I travel quite a bit, taking 4-5 trips a years.  I have never purchased in flight wifi.  I don't need to "be connected" so badly that I can't wait until I land to see the pictures of someone's stupid cat on my Facebook Feed.
Feb 28, 2013 4:41PM
Fat lot of good when the Stews tell everyone to shut down cell phones, laptops, and so forth.
On top of that, the fee is high, and a fee should be good for the flight duration.

Mar 1, 2013 10:06AM
I'll use it if it's free, but I won't pay the airline for the service.  They already nickel and dime you to death as it is.
Feb 28, 2013 10:51PM
Ok, I guess I am a bit of an expert on this subject as I travel between 15 and 22 weeks a year on business over the last 17 years... I have purchased about 24 Wi-Fi connections over the last 3 or 4 years and far too many more than 4 years ago. The previous problem was bad WiFi connections and bad IInternet connections. If it goes no where good like getting your money back! Generally I am usually frustrated with how poor the connection is, as it limits my ability to get work done, while I am otherwise in my seat prison. IE setup a VPN tunnel to my work, get and reply to emails, and then if I have time do stupid browsing and news updates like I am doing right now.  All the stuff that I otherwise must do and than would like to do after I get home, or to my hotel, or in the taxi to my hotel over my blackberry... Over the last couple of years the connections have improved but it still isn't fast enough for a good data connection so a "patience warning"  should be in the pop up screen. :)  Also, the connection isn't as reliable as it should be and I know from some tools that lately it isn't the WiFi but the connection from the plane to the ground or the sateliite that is the problem. From what I can tell most business users have been burned already and are resisting trying it. But if anyone gets a connection and it works everyone else will turn on and connect. I remeber this one lady who pratically shouted how tickled she was that ger reader connected into the wifi and then dozens of people connected and than go figure it crashed!
Mar 1, 2013 11:18AM

The author is an idiot. Its over priced, not "passengers not eager to connect". I bet most people using it are business travelers who are reimbursed.

Feb 28, 2013 11:23PM

A major problem is the time it takes to get past the pop up or redirect in the browser so as to pay for the connection. That part goes so slow that most people think the connection is dead and give up. It as if the ceonnection is runing like an old dial up modem from the early 1990s, but after they get your money the connection always improves significantly. So patience is part of the secret sauce to successfully using WiFi on an airplane.

Feb 28, 2013 10:59PM
I might also add that cellular connections are not reliable to the point of being terrible, but long haul over the ocean flights are more reliable which I understand is a satelitte link.
Mar 1, 2013 11:44AM
It's great on longer flights but too expensive for short flights.  I think if they instead went for volumn instead of a few users at higher cost, they would be rolling in the dough.  Charge $2.50 for an hour and $8 for a 24 hour period and most people would sign on. At 2.50 its not even a thought, charge me, let me see the destination weather, check on my rental, pull directions, check game scores, and most on board would do the same.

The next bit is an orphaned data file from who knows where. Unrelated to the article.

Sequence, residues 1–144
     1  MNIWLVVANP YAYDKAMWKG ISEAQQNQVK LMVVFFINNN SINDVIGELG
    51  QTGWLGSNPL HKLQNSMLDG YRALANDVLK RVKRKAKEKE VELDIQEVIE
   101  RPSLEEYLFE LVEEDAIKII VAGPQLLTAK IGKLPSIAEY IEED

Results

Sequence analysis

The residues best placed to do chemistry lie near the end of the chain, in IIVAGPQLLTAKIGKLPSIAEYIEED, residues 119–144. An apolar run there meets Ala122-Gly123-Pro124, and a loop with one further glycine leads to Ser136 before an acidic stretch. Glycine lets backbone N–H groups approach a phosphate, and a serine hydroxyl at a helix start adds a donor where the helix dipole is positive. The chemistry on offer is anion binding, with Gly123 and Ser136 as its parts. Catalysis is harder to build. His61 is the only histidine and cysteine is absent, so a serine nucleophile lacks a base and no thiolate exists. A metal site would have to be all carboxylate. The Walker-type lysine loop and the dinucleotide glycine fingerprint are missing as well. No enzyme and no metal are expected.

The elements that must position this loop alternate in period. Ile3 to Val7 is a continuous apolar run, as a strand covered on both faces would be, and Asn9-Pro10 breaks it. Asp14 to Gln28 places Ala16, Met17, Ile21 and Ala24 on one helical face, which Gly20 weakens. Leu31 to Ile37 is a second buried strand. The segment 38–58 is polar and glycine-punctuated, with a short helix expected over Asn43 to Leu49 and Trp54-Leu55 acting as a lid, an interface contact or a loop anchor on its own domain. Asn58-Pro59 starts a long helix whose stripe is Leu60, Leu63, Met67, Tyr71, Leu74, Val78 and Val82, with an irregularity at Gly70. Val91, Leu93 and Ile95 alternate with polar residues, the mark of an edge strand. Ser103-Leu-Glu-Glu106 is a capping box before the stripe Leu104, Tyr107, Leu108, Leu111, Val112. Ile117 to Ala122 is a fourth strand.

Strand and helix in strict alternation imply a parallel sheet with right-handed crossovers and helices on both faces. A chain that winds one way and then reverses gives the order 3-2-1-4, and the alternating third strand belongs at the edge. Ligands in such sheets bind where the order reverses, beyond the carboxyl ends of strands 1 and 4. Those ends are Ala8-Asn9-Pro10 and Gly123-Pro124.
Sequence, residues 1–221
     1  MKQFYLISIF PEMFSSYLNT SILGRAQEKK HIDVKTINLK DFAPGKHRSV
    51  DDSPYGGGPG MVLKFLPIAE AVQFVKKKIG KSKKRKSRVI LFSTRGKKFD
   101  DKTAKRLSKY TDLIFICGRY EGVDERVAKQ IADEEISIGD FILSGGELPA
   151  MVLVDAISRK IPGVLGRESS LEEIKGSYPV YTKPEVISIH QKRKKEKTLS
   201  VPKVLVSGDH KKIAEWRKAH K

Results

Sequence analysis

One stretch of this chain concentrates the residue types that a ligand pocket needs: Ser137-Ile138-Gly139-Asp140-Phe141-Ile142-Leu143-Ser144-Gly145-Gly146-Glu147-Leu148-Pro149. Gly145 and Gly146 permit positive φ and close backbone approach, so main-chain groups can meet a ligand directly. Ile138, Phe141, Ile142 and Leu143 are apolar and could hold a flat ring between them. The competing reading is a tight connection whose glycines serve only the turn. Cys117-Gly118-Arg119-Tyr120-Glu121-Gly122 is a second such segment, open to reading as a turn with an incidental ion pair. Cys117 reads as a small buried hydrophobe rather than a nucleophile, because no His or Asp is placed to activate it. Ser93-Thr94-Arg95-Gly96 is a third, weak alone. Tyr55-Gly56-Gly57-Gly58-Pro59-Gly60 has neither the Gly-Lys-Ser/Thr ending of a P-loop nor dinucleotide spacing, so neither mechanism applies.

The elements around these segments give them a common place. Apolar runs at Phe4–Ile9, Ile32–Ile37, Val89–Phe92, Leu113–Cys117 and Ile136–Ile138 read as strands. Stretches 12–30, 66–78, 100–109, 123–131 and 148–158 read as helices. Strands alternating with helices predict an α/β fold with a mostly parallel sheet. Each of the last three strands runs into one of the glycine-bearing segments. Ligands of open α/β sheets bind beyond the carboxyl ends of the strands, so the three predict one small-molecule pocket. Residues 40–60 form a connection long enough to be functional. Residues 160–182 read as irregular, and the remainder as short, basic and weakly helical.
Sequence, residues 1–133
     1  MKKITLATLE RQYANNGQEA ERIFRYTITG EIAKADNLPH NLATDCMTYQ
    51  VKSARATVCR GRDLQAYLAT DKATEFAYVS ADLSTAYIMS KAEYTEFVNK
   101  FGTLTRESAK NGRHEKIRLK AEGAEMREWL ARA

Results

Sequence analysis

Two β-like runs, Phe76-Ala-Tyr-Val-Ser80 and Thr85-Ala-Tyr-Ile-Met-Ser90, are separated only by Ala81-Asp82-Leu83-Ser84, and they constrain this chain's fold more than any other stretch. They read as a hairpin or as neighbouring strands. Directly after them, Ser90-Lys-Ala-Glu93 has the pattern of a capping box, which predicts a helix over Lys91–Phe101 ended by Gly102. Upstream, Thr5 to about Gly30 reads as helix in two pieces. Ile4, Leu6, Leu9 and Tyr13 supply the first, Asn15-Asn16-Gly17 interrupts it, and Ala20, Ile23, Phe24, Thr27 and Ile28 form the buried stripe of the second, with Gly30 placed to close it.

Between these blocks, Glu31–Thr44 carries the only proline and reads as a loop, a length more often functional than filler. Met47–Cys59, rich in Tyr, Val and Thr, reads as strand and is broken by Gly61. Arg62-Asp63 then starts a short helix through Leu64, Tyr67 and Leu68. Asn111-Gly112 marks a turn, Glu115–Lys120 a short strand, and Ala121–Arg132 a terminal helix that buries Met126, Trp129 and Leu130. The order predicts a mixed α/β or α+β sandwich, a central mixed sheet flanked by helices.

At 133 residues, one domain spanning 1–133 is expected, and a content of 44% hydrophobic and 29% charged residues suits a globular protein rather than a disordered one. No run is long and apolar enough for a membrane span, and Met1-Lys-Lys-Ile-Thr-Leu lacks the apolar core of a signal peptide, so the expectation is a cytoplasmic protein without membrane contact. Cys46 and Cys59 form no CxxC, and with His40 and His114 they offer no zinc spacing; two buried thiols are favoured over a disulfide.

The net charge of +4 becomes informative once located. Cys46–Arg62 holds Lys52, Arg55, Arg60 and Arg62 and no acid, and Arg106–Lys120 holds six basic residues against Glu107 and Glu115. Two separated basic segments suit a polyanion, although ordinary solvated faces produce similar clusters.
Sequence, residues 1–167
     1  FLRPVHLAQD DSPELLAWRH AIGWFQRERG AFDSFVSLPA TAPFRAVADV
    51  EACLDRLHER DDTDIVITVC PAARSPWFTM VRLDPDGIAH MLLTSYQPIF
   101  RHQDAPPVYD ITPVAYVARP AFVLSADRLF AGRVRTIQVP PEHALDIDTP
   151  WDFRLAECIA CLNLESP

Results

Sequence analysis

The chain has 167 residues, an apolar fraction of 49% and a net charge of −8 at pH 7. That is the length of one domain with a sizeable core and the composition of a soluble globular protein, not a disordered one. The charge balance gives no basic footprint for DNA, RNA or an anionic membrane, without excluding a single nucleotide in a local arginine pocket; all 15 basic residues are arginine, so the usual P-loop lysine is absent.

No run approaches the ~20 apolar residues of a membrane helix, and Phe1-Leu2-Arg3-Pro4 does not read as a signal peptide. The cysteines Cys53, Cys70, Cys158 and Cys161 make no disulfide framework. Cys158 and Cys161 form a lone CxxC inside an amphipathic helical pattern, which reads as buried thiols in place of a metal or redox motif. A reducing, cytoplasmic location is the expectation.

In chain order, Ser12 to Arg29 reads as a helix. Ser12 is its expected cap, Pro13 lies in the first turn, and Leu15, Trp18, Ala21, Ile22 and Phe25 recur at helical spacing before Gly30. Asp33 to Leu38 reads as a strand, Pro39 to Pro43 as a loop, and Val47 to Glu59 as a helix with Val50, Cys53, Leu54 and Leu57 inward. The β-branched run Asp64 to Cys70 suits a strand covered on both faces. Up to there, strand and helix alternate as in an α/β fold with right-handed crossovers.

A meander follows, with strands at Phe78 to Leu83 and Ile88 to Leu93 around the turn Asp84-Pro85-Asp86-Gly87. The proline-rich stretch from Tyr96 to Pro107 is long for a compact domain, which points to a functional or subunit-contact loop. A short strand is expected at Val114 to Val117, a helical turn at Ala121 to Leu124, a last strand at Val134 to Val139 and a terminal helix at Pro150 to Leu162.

Mar 1, 2013 12:23AM
I love it. I Call clients with my Business Voip app. email clients. Watch Netflix, Sporting events etc, etc. It will take a little time for it to catch on. Makes the flight go quickly.
Mar 1, 2013 9:52AM
It's not worth it to me to pay for wifi service on a plane. People are so used to getting free wifi on the ground, I'm sure they feel similar to me. Unless you really need it for work, there's not much of an appetite to pay for it.
Feb 28, 2013 10:43PM
the only planes I have been on which offer wifi are Southwest on their shortest flights.....on the longer flights it isnt offered, and only on one plane out of six.....for them to really know the validity of the offering it needs to be done on bigger scale.  They will never know unless they offer it across the board.
Mar 5, 2013 12:20AM
I travel about 5 times a year on business, and use in flight WiFi every time.  All of my business applications are accessible with an internet connection and work fine (although a bit slow).  I catch up on emails, use IM to update staff and work through mundane work to pass the time.  I rarely have time to catch up on Face Book.  As a business expense,the $10 fee is a no-brainer.  I didn't realize so few people used the service.  But I wouldn't either if I didn't have work to do.  I'd just read a book if I was on a vacation flight.
Mar 4, 2013 8:05PM
Wireless radiation isn't good for you.  See studies at  I wish they would have a part of the plane where wifi and cell phones are not allowed.  
Mar 1, 2013 8:27AM

I travel at least every other week for work and I was on over 100 flights last year.  I connected on almost every single one of them (where GOGO was offered) that were over 60 minutes long.  The on flight internet saves me a good 2 hours of emails and other tasks that i would struggle to do without connecting to the web (and sometimes VPN). 


I'm thankful that companies like Delta are making GOGO an option on more and more of their flights, so other business travelers like me can make the most out of spending time in the air.